To use the system the operator first mounts the video tape recorder on the mounting bracket by inserting the studs 49 which are mounted on the recorder into slots 45 and 47. The camera is then screwed to mounting bracket 35 on arm 2 with its lead 6 passing from camera 4 to tape recorder 5. The operator then puts on the frame by putting his arms through straps 19 and 21 and securing belt 22 around his waist. (Sometimes the unit can be used with one strap or even the belt alone. This results from the balance achieved by use of the cantilevered structure and the abovementioned positioning of the center of gravity.) The camera can then be swung into position in front of the operators face for use or moved to one side by having the arm 2 pivot within tubular frame 7 at the point of juncture. The fit between arm 2 and frame 7 should be sufficiently loose to allow pivotal rotation but sufficiently snug to serve to hold arm 2 in the position by friction.
The controls of the recording tape deck are accessible to the operator and his assistant. After setting the deck in a standby position, the recording process can be started by simply pulling the trigger on the camera handle. If the operator wishes to view a sequence, he may rewind the video tape and play back the recording using the camera viewfinder as a monitor; and the supporting system itself need not be removed from the operators back. Individual tapes may be placed in the tape recording deck and removed by an assistant without removing the deck from the frame, or removing the frame from the operator.
Additional space available on the frame may be used for the mounting of additional battery packs, microphone mixers or other associated peripheral equipment. If desired two camera arms can be installed, one on each of the'uprights 7 and 9, for multiple camera work, or one of two arms may carry a microphone.
The use of the contoured pack frame assures the mose efficient distribution of weight so that persons can carry the entire assembly without fatigue. The camera support arm allows motion of the body to aim and steady the camera if desired, leaving the hands completely free. The camera may be swung aside when not in use, but can quickly be returned to picture-taking position when desired.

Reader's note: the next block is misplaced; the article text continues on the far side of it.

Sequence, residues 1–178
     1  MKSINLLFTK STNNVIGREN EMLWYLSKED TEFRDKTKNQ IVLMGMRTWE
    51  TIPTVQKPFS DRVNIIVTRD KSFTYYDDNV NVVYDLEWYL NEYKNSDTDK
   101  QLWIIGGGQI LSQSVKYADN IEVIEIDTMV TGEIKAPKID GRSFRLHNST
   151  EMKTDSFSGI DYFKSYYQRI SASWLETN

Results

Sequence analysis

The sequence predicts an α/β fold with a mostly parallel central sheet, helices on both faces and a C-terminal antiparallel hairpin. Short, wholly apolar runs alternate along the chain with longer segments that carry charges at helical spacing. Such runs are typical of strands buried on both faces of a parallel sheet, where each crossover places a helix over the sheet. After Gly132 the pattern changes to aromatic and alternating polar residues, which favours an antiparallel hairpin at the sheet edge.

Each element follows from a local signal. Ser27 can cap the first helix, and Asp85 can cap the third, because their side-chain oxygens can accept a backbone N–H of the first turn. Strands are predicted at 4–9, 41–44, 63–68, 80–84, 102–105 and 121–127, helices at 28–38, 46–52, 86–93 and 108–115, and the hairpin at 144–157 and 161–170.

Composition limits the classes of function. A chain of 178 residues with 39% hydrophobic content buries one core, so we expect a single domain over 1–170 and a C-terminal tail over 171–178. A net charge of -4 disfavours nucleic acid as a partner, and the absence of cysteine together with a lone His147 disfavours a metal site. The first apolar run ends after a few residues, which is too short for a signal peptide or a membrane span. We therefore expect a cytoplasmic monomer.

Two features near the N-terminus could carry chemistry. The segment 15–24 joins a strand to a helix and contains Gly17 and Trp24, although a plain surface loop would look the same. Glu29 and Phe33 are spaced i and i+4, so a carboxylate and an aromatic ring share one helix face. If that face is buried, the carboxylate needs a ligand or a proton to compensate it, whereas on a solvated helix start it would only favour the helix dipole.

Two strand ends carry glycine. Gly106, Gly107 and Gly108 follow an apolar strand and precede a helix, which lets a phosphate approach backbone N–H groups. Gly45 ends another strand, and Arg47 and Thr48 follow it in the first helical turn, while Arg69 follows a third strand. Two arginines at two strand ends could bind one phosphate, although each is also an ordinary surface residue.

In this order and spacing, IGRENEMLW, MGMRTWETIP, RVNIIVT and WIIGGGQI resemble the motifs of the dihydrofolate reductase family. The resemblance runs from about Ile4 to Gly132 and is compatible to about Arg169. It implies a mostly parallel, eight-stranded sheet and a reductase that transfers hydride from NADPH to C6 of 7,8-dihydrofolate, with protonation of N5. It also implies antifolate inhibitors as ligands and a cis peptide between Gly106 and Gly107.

1. A device for supporting units such as cameras, video cameras and auxiliary equipment, and the like on a person for mobility of use and ease of carrying, comprising:
a back frame and at least one strap for securing said frame to a wearer,
a substantially arcuate cantilevered arm pivotally secured to said frame and dimensioned to pass from said frame upwardly and about the head of the wearer to a position to support a unit thereon proximate to the wearers face,
pivotal means securing one end of said arm to said frame for rotational movement of said arm and means at the other end of said arm for removably securing said unit to said arm,
said arm and frame being so dimensioned as to dis tribute the weight of the unit supported via said arm directly to said back frame and thence to the body of the wearer so as to locate the center of gravity of the support device and unit supported substantially over the body of the wearer to balance thereon,
whereby said frame and said arm support the unit on the wearer leaving the wearers hands free and said arm may be selectively rotated between a position proximate the wearers face for use and various positions to one side for additional use and non-use conditions.
2. The device of claim 1 including means secured to said frame for removably securing auxiliary equipment, such as a tape recorder, to said frame.
3. The device of claim 1 in which said cantilevered arm is dimensioned to pass over the head of the wearer.
4. The device of claim 1 in which the pivotal means securing one end of said arm to said frame include an upright on said frame, said upright and said cantilevered arm being tubular in cross-section and being telescopically interengaged with one about the other, said engagement being loose enough to permit pivotal rotation and snug enough to hold the arm in the position in which it is set.
5. In a device as set forth in claim 1 in which said supported unit is a video camera which has auxiliary equipment such as a tape recorder associated therewith, the additional improvement comprising means on said frame adapted to receive said auxiliary equipment and hold same in a position such that tape reels may be replaced without removing said tape recorder from said frame, and said structure being so dimensioned as to balance on the wearer while carrying said camera and equipment.